Most Common Interview Questions And Answers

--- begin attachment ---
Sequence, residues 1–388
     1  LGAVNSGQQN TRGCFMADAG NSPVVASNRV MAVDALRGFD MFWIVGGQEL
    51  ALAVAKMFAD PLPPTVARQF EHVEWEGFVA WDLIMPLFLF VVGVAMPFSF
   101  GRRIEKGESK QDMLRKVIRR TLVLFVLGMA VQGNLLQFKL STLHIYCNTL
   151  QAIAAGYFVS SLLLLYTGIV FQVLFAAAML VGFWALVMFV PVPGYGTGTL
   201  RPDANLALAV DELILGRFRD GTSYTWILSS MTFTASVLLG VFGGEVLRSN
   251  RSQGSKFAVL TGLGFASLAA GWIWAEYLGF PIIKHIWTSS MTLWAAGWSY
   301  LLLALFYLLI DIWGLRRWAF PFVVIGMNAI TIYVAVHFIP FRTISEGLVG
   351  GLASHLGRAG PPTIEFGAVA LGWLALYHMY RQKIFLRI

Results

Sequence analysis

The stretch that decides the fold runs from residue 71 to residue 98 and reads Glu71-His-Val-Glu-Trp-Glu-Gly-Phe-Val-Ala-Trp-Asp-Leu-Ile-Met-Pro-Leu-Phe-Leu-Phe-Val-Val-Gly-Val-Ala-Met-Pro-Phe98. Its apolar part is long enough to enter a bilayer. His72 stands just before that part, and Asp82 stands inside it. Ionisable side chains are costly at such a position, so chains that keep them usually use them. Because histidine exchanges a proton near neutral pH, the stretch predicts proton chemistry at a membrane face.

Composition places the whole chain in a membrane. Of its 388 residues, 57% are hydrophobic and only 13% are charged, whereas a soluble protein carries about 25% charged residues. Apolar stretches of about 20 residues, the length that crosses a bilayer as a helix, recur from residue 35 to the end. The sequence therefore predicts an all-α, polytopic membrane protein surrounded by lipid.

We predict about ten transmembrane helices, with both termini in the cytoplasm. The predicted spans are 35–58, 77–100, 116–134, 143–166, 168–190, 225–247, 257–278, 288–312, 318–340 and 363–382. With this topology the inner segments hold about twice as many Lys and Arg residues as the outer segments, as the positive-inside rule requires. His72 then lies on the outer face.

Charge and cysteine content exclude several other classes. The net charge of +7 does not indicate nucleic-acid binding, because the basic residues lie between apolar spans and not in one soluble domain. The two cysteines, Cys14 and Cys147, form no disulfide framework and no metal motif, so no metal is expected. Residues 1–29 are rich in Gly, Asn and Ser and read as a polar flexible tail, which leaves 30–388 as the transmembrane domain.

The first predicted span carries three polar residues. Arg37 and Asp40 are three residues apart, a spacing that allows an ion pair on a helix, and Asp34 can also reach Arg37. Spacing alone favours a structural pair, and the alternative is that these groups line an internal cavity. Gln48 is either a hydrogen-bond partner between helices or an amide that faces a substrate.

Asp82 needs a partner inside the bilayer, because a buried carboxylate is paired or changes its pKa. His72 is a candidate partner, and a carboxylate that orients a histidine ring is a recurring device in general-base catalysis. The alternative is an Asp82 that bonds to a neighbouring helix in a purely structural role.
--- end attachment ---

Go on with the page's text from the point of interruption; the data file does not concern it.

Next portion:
WHAT ARE THE MOST COMMON INTERVIEW QUESTIONS AND ANSWERS? No two interviews are ever the same, but anyone who has been looking for a job knows that some questions seem to come up tine and time again. Here’s our guide to the top interview questions, the best responses, and more importantly, what not to say. CAN YOU TELL ME A BIT ABOUT YOURSELF? DO SAY The interviewer is looking for a quick summary of who you are and what you’ve been doing. Talk briefly about the experience you’ve had which is relevant to the job, mention your top achievements, and say why you think you’d be perfect for the role. DON'T SAY Don’t ramble on about your entire life history, mention your family, where you went on holiday or hobbies. Just stick to facts and experience relevant to the position. WHAT DO YOU THINK YOUR WEAKNESSES ARE? DO SAY This is the question people are most afraid of. The key is to identifying something you know you’re not strong with, but are addressing. Saying you aren’t as up to speed with software or presentation skills as you might be, but are looking into training to brush up your knowledge is the sort of answer employers are looking for. DON'T SAY Don’t trot out the clichés about being a perfectionist or not having any faults at all. Don’t be too detailed in pulling yourself down either; no interviewer wants to hear that you’re poor at time-keeping, disorganised and struggle to work effectively in a team. TELL ME ABOUT A TRICKY SITUATION YOU DEALT WITH AT WORK WHICH INVOLVED CONFLICT DO SAY Employers are looking for a concrete example from your work life involving negotiating or personality clashes with colleagues. Lay out the basic situation, how you resolved it, and what the outcome was. If you don’t have a work example, you can draw on something from a volunteer role instead. DON'T SAY It’s never a good idea to tell a story which involves you as the protagonist causing the conflict. The interview will just get the impression that you’re a trouble maker. WHY DO YOU WANT TO LEAVE YOUR CURRENT POSITION? DO SAY The best response is something involving new challenges, or highlighting aspects of the new role which aren’t available with your current employer. Be specific, referring to items in the job description. DON'T SAY Even if you hate your boss and are bored to tears in your job, the interview’s not the time to mention it. WHAT SALARY WOULD YOU BE LOOKING FOR? DO SAY Most job adverts will include a salary band and this is a good starting point. If not, you can use comparison sites to see roughly what similar roles are paying. Justify what you’re asking for, and tell the interviewer about the experience and knowledge you have which justifies your figure. DON'T SAY Don’t umm and ahh, say you’re not sure, or whatever the interviewer thinks will be fine. DO YOU HAVE ANY QUESTIONS FOR US? DO SAY Ask something specific about the role, or the company. If you’re read something in the press about a new product or announcement, asking about that shows you’ve done your research. DON'T SAY Don’t say that you have no questions, or ask about holidays, or what time you finish on a Friday.